The world’s oldest known figurative artwork has been discovered in a cave in Indonesia — an endearing image of a warty pig.
Archaeologists working on the site on the island of Sulawesi said the cave art was at least 45,500 years old. It is also thought to be the oldest surviving image of an animal. Painted using red ocher pigment, the animal appears to be observing a fight or social interaction between two other warty pigs.
Painted using red ocher, the scene shows a warty pig watching other warty pigs fight or otherwise interact. Credit: Basran Burhan
Previously, the oldest known cave art was thought to have first appeared in Europe 40,000 years ago, showcasing abstract symbols. By 35,000 years ago, the art became more sophisticated, showing horses and other animals.
These latest finds in Indonesia have challenged a long-standing belief that artistic expression — and the cognitive leap that may have accompanied it — began in Europe. The cave paintings in Indonesia are shedding new light on the early story of humanity.
Study coauthor Maxime Aubert, an archaeologist and associate professor at Griffith University in Australia who specializes in the dating of rock art, said that view was “Eurocentric.”
It’s now thought that the capability to create figurative art — that references the real world — either emerged before Homo sapiens migrated out of Africa and headed for Europe and Asia more than 60,000 years ago or that it emerged more than once as humans spread around the globe.
Dating cave art
One reason for that could be because it’s particularly difficult to date cave art, Aubert explained. However, rock art made in limestone caves can sometimes be dated by measuring the radioactive decay of elements like uranium within the calcium carbonate deposits — sometime called cave popcorn — that form naturally on the cave surface.
This was the case at the Leang Tedongnge site in southern Sulawesi, where a small cave popcorn had formed on the rear foot of the pig figure after it had been painted. The date indicates the scene had been painted prior to 45,500 years ago, Aubert said, and the cave art could be much older.
A second Sulawesi warty pig image, from another cave in the region, was dated to at least 32,000 years ago using the same method in the study that published in the journal Science Advances on Wednesday.
A second depiction of a warty pig in another cave was dated to at least 32,000 years ago. Credit: AA Oktaviana
The team expects future research in eastern Indonesia will lead to the discovery of much older rock art and other archaeological evidence, dating back at least 65,000 years.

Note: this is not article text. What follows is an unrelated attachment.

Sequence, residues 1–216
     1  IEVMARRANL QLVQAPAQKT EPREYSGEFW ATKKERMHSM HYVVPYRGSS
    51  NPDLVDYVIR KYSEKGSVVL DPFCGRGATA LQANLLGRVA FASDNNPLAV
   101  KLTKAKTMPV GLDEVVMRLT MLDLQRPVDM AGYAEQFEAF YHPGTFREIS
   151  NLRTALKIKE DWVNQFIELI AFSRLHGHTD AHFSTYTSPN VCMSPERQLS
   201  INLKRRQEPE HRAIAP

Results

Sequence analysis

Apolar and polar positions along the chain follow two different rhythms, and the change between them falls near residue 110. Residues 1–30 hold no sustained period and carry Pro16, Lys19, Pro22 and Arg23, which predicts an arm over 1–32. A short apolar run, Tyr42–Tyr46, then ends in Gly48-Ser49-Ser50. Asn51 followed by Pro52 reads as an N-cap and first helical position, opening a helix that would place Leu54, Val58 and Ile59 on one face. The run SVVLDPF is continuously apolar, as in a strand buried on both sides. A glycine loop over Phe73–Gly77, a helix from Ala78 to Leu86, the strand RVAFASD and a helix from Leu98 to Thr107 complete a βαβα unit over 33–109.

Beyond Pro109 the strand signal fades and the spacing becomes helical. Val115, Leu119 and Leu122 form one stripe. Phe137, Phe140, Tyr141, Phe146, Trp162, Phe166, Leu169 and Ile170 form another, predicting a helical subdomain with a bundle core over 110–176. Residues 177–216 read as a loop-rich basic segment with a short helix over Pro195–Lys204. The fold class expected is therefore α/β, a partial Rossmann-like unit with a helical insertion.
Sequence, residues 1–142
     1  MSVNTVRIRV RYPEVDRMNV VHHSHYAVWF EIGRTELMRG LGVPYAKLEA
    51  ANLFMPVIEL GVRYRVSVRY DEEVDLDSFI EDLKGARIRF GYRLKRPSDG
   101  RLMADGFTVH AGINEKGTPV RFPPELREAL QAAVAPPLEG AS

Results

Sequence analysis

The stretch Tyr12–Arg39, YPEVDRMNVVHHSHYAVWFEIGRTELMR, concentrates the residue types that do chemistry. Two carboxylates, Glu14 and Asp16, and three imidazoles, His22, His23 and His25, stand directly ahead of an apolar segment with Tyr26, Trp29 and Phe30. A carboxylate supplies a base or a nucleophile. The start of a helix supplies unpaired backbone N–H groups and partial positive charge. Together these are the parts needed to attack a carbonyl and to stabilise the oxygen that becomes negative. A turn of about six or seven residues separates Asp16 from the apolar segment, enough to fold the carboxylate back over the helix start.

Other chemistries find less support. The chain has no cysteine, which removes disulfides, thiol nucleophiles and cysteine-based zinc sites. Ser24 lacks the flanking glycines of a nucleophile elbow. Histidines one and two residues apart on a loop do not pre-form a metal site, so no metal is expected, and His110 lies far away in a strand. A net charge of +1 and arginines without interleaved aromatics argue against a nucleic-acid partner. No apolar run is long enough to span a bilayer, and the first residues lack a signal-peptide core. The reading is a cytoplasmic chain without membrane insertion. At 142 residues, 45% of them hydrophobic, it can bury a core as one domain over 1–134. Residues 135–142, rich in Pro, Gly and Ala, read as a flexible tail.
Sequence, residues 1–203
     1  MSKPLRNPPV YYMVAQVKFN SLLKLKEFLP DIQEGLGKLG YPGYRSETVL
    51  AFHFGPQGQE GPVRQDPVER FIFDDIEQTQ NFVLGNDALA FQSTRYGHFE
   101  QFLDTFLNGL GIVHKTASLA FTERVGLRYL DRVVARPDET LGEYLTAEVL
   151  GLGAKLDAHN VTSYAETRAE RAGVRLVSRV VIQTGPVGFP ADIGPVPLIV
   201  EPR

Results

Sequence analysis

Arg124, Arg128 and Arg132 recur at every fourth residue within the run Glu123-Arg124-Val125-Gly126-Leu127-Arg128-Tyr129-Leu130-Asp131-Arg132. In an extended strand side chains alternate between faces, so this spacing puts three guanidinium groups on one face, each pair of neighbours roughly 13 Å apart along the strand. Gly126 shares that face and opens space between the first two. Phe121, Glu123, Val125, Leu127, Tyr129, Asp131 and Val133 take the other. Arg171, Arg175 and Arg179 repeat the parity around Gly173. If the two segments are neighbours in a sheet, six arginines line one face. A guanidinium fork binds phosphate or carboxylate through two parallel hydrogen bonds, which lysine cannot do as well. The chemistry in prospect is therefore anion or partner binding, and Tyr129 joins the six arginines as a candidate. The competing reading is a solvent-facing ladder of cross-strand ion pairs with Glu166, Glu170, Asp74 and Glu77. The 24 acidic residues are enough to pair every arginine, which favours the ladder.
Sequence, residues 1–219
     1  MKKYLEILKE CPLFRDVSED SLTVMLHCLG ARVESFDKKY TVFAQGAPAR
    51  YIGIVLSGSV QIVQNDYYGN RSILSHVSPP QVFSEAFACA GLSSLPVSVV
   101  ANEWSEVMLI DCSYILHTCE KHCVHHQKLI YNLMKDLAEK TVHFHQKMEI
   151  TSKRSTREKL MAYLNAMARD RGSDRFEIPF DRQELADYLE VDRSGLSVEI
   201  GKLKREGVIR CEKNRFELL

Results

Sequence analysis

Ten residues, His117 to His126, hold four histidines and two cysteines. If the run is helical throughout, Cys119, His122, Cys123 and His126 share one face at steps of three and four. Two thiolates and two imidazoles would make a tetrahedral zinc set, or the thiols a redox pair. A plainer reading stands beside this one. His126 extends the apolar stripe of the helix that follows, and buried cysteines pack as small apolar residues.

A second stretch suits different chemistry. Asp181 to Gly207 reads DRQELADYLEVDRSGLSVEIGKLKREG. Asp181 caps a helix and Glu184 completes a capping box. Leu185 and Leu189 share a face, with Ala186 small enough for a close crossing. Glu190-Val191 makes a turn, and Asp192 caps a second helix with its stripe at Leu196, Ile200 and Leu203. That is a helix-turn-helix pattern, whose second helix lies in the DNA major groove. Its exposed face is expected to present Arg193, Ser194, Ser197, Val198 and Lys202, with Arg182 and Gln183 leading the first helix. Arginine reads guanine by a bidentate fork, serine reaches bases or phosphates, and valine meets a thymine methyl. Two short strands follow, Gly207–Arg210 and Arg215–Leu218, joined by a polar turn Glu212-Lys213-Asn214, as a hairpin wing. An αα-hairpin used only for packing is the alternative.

“We have found and documented many rock art images in Sulawesi that still await scientific dating. We expect the early rock art of this island to yield even more significant discoveries,” said study coauthor and Indonesian rock art expert Adhi Agus Oktaviana, a doctoral student at Griffith University.
Steep limestone cliffs enclose the limestone cave where the painting was found. The cave is only accessible by a narrow passage in the dry season. Credit: AA Oktaviana
The researchers were confident the image was of a warty pig, which is shown in profile and filled in with irregular patterns of painted lines and dashes, because of the presence of spiky head crests and facial warts — the two conspicuous, hornlike protusions in the upper snout area.
The pig painted on the ceiling of the cave measures 187 centimeters (6 feet) in length and 110 centimeters (3.6 feet) in height and is a red or mulberry color — the prehistoric artists used iron-rich rock as a pigment and could have used two colors. The researchers said there are three other pigs in the scene.
The researchers were confident the image was of a warty pig because of the two conspicuous, hornlike protusions in the upper snout area. Credit: AA Oktaviana
Warty pigs are still common in Indonesia and have since been domesticated.
Not much is known about the people who made the art, Aubert said.
Research has indicated that Homo sapiens arrived in Southeast Asia between 60,000 and 70,000 years ago. While the researchers said they are unable to definitively conclude that the artwork is the handiwork of cognitively modern humans, that was the most likely explanation.
“Our species must have crossed through Wallacea by watercraft in order to reach Australia by at least 65,000 years ago,” said Aubert, referring to the region between continental Asia and Australia.
“However, the Wallacean islands are poorly explored, and presently the earliest excavated archaeological evidence from this region is much younger in age.”
“This discovery underlines the remarkable antiquity of Indonesia’s rock art and its great significance for understanding the deep-time history of art and its role in humanity’s early story,” said study coauthor Adam Brumm, a professor at Griffith’s Australian Research Centre for Human Evolution.